Well, we’ve already seen serious disruption in some creative industries such as recorded music, which is about half the size it was globally 20 years ago. I believe we human beings are still the absolute champions at creativity, so I don’t think that all creative professionals are going to be unemployed because of technology. But their work will change a lot, and one interesting shift is that we might use computers and software to come up with the first versions of creative work, before using human ingenuity and ability to refine and improve it. Creative professionals spend a lot of time coming up with the first ideas, which maybe could be done by machines.

Will most of the technological advances continue to come from the US?

Most of the great technology companies are in the US, but technological talent is not concentrated here, especially with all the resources available online. We now have the ability to tap into the collective expertise of hundreds of millions, or even billions, of people around the world. So far, it is mainly US companies that have harnessed the global talent, but brilliant and really creative people all around the world have much greater opportunity to express themselves and achieve something remarkable. Even as machines are racing ahead, humanity is also racing ahead as the world’s population becomes interconnected for the very first time.

Can our political systems deal with the pace of technological change?

Technology is changing more quickly than business strategies and business models, our understanding and mindsets, and our political institutions. But the answer is not to try to slow it down, which would be a terrible idea – we need to make adjustments, some of them large, very quickly. The problem in some countries, including the US, is that political systems are becoming more polarised, and we are losing our ability to make big changes at exactly the time when we need to do so. Andrew McAfee is a principal research scientist at the Massachusetts Institute of Technology Sloan School of Management. With Erik Brynjolfsson, he co-founded the Institute’s Initiative on the Digital Economy to study how digital technologies are changing business, the economy and society. He wrote Enterprise 2.0 which was published in 2009, and co-wrote with Brynjolfsson Race Against the Machine which was expanded in 2014 into The Second Machine Age. The latter was a New York Times bestseller, and was shortlisted for the Financial Times/McKinsey Business Book of the Year award.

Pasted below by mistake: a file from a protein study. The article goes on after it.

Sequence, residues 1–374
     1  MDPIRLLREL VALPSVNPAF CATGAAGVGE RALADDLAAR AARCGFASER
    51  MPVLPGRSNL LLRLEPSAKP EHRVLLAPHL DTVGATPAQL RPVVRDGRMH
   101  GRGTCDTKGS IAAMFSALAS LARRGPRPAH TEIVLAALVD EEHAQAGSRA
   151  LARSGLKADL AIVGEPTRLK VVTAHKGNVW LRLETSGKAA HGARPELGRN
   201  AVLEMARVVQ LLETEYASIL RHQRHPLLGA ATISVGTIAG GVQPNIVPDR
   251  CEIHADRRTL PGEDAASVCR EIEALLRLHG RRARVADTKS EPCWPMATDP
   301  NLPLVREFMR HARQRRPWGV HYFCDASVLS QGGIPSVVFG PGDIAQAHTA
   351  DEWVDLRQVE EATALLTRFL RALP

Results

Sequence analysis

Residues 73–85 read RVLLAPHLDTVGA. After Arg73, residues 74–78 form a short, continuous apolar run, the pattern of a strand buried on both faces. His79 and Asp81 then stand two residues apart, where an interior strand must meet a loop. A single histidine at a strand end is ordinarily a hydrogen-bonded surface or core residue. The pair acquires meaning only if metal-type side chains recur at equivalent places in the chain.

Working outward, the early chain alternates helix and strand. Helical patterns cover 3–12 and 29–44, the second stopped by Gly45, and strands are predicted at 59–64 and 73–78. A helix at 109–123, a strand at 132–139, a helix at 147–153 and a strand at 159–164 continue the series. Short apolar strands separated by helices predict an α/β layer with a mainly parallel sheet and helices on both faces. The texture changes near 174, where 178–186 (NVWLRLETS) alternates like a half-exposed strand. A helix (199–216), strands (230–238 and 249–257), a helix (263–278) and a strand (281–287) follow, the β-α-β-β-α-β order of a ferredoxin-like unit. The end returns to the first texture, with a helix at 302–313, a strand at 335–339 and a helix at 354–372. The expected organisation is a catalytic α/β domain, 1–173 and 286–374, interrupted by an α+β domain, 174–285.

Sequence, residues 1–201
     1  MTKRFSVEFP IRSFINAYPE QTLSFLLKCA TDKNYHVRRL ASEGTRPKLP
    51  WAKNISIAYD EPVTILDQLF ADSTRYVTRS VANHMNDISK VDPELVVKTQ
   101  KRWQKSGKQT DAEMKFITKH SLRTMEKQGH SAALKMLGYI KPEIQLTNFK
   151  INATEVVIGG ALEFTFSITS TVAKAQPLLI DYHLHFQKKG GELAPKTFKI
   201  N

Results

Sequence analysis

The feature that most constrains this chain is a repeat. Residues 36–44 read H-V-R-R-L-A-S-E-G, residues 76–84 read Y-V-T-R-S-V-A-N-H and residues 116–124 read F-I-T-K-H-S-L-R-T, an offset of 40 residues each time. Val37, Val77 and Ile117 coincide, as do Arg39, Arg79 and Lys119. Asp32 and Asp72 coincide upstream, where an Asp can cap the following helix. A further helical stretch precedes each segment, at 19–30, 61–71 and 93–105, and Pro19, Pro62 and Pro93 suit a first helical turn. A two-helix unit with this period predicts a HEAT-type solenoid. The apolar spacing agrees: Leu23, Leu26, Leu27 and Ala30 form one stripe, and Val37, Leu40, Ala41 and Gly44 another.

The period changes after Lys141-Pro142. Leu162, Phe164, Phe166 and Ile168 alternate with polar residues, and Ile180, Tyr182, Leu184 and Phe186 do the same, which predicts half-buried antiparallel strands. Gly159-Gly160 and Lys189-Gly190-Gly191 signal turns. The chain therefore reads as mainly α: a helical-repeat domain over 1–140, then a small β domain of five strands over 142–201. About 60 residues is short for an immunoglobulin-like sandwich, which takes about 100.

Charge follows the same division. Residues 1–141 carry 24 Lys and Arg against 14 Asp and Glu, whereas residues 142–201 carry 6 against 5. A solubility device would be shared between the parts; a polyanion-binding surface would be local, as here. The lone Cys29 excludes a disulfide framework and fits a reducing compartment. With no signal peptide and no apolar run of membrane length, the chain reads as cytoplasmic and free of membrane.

What are all the people whose jobs are taken over by technology going to do?

The only way to answer that question is to let the engine of economic progress do its work, as it did over the 200 years since the Industrial Revolution when it found a great need for human beings and the work they can do. Thinking about where the jobs will come from can’t be done by smart people in Washington, DC or Cambridge, Massachusetts. That’s what entrepreneurs and innovators do, so we must let them get on with their work and see what they can accomplish. And if we don’t like some of the results, we can use policy or taxation to try to reverse situations. It’s way too early to say that there won’t be any more work for people to do in five or ten years. We are still generating jobs: in the US, for example, the number of jobs has been going up month by month for more than five years. The problem is that the jobs are different from those which were needed a generation or two ago, and education must change to recognise that. It feels to me that we’re still educating people for the kind of jobs we had 50 years ago, and that’s a bad idea.